To be fair, some of these MPs may genuinely feel (despite much evidence to the contrary) that schoolchildren would be better off with biscuits than with cooked meals. Even then, troubling questions remain. For instance, did they form this view on the basis of serious enquiry? Or were they swayed by the BMA’s tutorial? If it was based on enquiry, why did they need to cut and paste from the BMA’s letter to make their case? And is this kind of plagiarism appropriate in any case?

The letters also reveal the central role played in this campaign by Abu Asim Azmi, MP (Samajwadi Party) from Maharashtra. Aside from contributing one of the 29 gems sent to the Ministry, Azmi wrote similar letters to other ministries, seeking appointments with a host of bureaucrats and ministers. These letters repeatedly state that the BMA has presented “the merits of substituting biscuits with the existing pre-cooked meal”. This sentence, aside from exposing Azmi’s innocence of the matter (there is no such thing as an ‘existing pre-cooked meal’), is one indication — among many — that the intention is to replace cooked meals with biscuits, and not just add biscuits to the menu.

It is not the first time that Azmi bravely risks his reputation. During the last few years, he has battled a spate of allegations about his role in recent incidents of communal violence in Mumbai, including an affidavit filed in 1997 by the then Bombay Police Commissioner claiming that he had links with Dawood Ibrahim. He has also been chargesheeted by the Economic Offences Wing for siphoning off government funds in the multi-crore cobbler scam of 1995. Whatever the truth of these allegations (the system often confuses victim with criminal), Azmi seems to live dangerously.

The silver lining is that the biscuit lobby received a fitting reply from the HRD Ministry. The response was well-considered, coming as it did after a round of consultations with state governments. Most of them shot down the proposal for replacing cooked meals with biscuits. So did nutrition experts such as Dr B Sesikeran, Director of the National Institute of Nutrition, who clearly stated that the mid-day meal scheme “is supposed to provide one wholesome meal to schoolchildren and biscuits cannot replace it”. Following on this, Arjun Singh sent a strong rejection letter to the BMA. Similarly, when this issue came up in the Lok Sabha on February 26, Mohammad Ali Ashraf Fatmi, HRD Minister of State, clarified that the biscuit approach does not “fulfill the nutritional norms, dietary requirement and satiety of children and further it also deprives many intrinsic benefits that are being derived through present pattern of implementation”.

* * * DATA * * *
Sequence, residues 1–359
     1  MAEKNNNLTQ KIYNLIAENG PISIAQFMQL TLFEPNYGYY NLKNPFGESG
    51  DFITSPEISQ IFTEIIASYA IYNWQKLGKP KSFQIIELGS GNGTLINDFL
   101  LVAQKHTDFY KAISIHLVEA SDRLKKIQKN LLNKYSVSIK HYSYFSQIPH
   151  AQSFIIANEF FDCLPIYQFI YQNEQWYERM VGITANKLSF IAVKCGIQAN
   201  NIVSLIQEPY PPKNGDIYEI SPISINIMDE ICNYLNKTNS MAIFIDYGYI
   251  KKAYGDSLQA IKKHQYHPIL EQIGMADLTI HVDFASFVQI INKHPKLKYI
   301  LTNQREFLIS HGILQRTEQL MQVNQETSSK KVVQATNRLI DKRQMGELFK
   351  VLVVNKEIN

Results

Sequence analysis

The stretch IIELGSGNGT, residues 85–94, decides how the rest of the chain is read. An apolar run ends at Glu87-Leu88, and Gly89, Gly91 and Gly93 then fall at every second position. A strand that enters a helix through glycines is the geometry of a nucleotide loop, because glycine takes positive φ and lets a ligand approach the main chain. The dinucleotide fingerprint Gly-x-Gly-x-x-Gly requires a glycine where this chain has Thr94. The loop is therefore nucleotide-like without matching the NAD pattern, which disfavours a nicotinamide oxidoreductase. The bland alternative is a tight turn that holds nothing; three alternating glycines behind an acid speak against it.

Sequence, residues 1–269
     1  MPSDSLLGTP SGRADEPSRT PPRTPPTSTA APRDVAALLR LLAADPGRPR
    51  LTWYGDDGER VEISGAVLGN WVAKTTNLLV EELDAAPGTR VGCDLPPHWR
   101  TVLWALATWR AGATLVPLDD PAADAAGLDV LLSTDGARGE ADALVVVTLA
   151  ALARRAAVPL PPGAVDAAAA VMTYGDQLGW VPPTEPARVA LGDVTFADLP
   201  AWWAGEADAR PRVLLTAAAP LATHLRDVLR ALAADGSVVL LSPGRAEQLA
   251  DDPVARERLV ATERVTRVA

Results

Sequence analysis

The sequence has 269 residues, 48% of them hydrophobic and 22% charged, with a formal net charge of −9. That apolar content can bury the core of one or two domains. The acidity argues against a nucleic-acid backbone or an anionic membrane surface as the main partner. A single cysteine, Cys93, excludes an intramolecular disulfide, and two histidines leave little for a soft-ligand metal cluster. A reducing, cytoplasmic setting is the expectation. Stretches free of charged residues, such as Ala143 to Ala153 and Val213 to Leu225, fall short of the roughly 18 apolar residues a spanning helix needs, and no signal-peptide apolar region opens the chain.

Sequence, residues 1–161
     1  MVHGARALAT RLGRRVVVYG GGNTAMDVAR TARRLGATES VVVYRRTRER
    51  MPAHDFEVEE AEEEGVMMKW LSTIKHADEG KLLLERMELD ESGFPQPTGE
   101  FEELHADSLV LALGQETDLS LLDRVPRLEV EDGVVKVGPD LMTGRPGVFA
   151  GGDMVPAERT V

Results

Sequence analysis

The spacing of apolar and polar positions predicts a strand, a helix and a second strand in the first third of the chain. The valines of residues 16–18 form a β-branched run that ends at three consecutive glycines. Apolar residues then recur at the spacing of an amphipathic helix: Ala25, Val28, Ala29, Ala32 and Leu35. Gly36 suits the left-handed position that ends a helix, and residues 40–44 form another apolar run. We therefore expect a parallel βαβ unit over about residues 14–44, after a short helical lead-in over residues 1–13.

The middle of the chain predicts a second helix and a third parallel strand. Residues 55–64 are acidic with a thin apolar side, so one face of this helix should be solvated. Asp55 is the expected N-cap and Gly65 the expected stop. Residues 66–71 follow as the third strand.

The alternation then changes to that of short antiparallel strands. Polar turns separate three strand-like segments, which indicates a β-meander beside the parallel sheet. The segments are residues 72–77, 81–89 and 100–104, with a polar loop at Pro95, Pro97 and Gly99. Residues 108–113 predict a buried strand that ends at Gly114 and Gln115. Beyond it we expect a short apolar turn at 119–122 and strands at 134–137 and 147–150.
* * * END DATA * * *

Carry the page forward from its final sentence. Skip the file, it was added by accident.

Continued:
All is well that ends well in this case. It is worth mentioning, however, that this is not an isolated attack on cooked mid-day meals for children. Just to cite another example, Real Contracts Private Limited recently approached the HRD Ministry with a proposal to replace freshly cooked mid-day meals with ‘Ready to Cook and Serve Hot’ meals — dehydrated food that would just require boiling before serving. As Arjun Singh himself put it in a recent letter to Chief Minister Mayawati on this issue: “We are, indeed, dismayed at the growing requests for introduction of pre-cooked foods, emanating largely from suppliers/marketers of packaged foods, and aimed essentially at penetrating and deepening the market for such foods.”

According to recent media reports, the BMA has not given up. Undeterred by the rebuttal on mid-day meals, it has now written to Renuka Chowdhury, Minister of State for Women and Child Development, with a similar proposal for supplying biscuits to children below the age of six years under the Integrated Child Development Services (ICDS). Let us hope that Chowdhury will deliver them as straight an arrow as the fearless Arjun Singh.

Jean Drèze and Reetika Khera are development economists at the Delhi School of Economics